So, sometimes when you’re living in the mountains, and it’s snowing, and you have 5 switchbacks to contend with, you decide that maybe it’s a better idea to make due with what you already have on hand. This is part of homesteading, from what I understand, and making due can often generate outstanding (unexpected?) results.
Case in point, the Best Easy Rolls. I didn’t have any eggs, but needed something home-baked to go with a Gertie dinner. After some trolling and some adjusting, I came up with an easy roll recipe that (coincidentally) has about the same prep time as Gertie’s Best Pot Roast.
- 1 1/2 cup warm water
- 1 tbsp instant yeast (Not instant? No problem. Just add 30 min in rise time)
- 1 tbsp sugar (white or brown)
- 2 tbsp unsalted butter, melted
- 4 cups high-quality bread flour
- A pinch of salt to taste
I use a 20 year old KitchenAid mixer for all of my baking, and I love it so much I have dreams about it. Only partially kidding. You can do this by hand if you choose, but be prepared to roll up them sleeves and use that elbow grease.
To your KitchenAid, attach your mixing paddle and pour in the warm water. Add the sugar and yeast, and turn the mixer on low for 1 min. Then turn off and let sit until mixture is foamy. Nobody likes that word, but that’s what you’re looking for. Full frothy goodness takes about 5-7 minutes.
Switch to your bread hook, add softened butter, and toss in some salt to taste. On low, slowly add 2 cups of flour and allow to fold in completely. Then add the other 2 cups in this same process.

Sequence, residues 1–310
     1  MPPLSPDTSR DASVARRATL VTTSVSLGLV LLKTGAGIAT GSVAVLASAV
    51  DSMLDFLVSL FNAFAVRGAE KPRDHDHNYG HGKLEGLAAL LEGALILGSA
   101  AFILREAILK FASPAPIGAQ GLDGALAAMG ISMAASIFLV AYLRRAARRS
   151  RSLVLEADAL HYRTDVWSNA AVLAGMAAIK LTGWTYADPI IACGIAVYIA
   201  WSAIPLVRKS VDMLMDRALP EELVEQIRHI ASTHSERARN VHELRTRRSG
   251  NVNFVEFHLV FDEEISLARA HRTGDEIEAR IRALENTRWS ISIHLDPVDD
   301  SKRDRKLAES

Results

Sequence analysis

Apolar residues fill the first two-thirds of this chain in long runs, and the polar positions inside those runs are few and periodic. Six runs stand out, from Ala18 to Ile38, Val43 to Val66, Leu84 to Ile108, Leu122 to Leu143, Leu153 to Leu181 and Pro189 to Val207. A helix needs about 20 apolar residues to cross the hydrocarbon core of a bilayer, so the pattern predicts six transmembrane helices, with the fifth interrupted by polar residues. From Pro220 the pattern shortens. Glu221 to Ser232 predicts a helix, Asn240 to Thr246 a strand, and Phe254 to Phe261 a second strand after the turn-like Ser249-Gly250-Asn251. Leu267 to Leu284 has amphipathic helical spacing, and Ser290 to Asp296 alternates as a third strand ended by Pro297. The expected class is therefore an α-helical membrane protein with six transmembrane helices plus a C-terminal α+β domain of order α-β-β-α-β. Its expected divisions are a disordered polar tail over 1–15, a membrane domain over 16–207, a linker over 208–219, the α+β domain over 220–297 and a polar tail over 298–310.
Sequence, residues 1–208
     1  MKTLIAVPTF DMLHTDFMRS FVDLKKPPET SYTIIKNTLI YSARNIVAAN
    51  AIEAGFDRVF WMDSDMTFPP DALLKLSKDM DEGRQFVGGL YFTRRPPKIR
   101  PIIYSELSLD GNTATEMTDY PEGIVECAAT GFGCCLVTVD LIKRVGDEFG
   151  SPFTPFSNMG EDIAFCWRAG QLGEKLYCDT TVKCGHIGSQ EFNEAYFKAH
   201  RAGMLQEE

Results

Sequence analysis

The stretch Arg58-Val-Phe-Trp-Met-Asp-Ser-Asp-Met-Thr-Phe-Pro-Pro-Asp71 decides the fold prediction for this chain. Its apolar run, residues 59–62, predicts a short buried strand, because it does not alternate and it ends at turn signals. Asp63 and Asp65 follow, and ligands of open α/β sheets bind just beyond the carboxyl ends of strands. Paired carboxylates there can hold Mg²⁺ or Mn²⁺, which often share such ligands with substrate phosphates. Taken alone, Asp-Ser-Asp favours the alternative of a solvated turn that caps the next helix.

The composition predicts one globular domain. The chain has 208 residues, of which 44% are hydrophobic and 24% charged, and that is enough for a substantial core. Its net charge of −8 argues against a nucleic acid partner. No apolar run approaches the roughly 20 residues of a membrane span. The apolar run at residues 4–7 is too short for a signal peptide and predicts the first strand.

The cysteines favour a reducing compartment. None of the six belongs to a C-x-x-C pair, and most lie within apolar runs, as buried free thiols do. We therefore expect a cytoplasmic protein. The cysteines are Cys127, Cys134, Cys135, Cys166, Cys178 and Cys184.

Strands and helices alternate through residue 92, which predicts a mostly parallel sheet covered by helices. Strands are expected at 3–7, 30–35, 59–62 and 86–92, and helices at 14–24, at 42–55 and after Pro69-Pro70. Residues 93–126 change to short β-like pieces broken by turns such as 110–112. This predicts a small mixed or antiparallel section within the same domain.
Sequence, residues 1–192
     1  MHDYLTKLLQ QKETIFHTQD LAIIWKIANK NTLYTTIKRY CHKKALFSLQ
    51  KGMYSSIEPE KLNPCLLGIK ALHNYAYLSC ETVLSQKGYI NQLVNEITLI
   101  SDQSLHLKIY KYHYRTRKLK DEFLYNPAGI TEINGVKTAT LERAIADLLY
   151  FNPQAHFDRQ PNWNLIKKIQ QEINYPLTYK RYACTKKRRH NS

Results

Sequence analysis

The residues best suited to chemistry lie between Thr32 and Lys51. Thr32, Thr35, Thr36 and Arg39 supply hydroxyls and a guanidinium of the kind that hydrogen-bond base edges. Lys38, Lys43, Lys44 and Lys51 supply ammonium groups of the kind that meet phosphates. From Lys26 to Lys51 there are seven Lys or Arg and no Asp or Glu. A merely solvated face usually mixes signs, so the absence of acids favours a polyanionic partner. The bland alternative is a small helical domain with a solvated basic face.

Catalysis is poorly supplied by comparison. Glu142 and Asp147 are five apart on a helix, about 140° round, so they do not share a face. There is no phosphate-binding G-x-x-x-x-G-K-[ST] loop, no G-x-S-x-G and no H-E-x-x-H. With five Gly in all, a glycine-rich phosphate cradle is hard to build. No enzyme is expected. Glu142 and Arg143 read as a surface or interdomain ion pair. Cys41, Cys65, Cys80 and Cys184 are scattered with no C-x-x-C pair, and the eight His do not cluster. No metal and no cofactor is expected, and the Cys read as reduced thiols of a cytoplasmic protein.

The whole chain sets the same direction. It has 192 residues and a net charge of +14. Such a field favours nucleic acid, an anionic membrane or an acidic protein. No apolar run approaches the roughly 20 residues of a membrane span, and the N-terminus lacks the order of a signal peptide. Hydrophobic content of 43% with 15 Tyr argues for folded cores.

Allow the dough to beat on low for 10 minutes. If you’re doing this by hand, you poor soul, knead and fold and knead for about 20 minutes.
Slide your dough into a buttered bowl, cover with a warm, damp towel, and let rise in a cozy spot for 30 minutes.
After 30 minutes, uncover your dough, and beat it up. Pull it, fold it, and punch it. Then recover it, and leave it for another 30 minutes. Then once more. Note: if you’re not using a quick-rise yeast, simply add an extra 30 min of rise time).
After all the abuse and rise time, your dough will be at least doubled in size. I throw mine onto floured granite and cut it up into strips, then into bun-like shapes.
I use parchment paper (ALWAYS) in a large, metal roasting pan. This recipe makes 24 rolls, which is two rounds in the oven.
Fill ‘er up like so.
Bake at 365 degrees for about 15 minutes, until the tops are golden. Brush with more melted butter once removed from oven. Serve immediately. Accept hugs.
Make ahead ideas: Sunday Morning Gravy & Biscuits, or Biscuit Chicken Pot Pie (watch for those recipes soon!)
Eat well, love well, sleep well.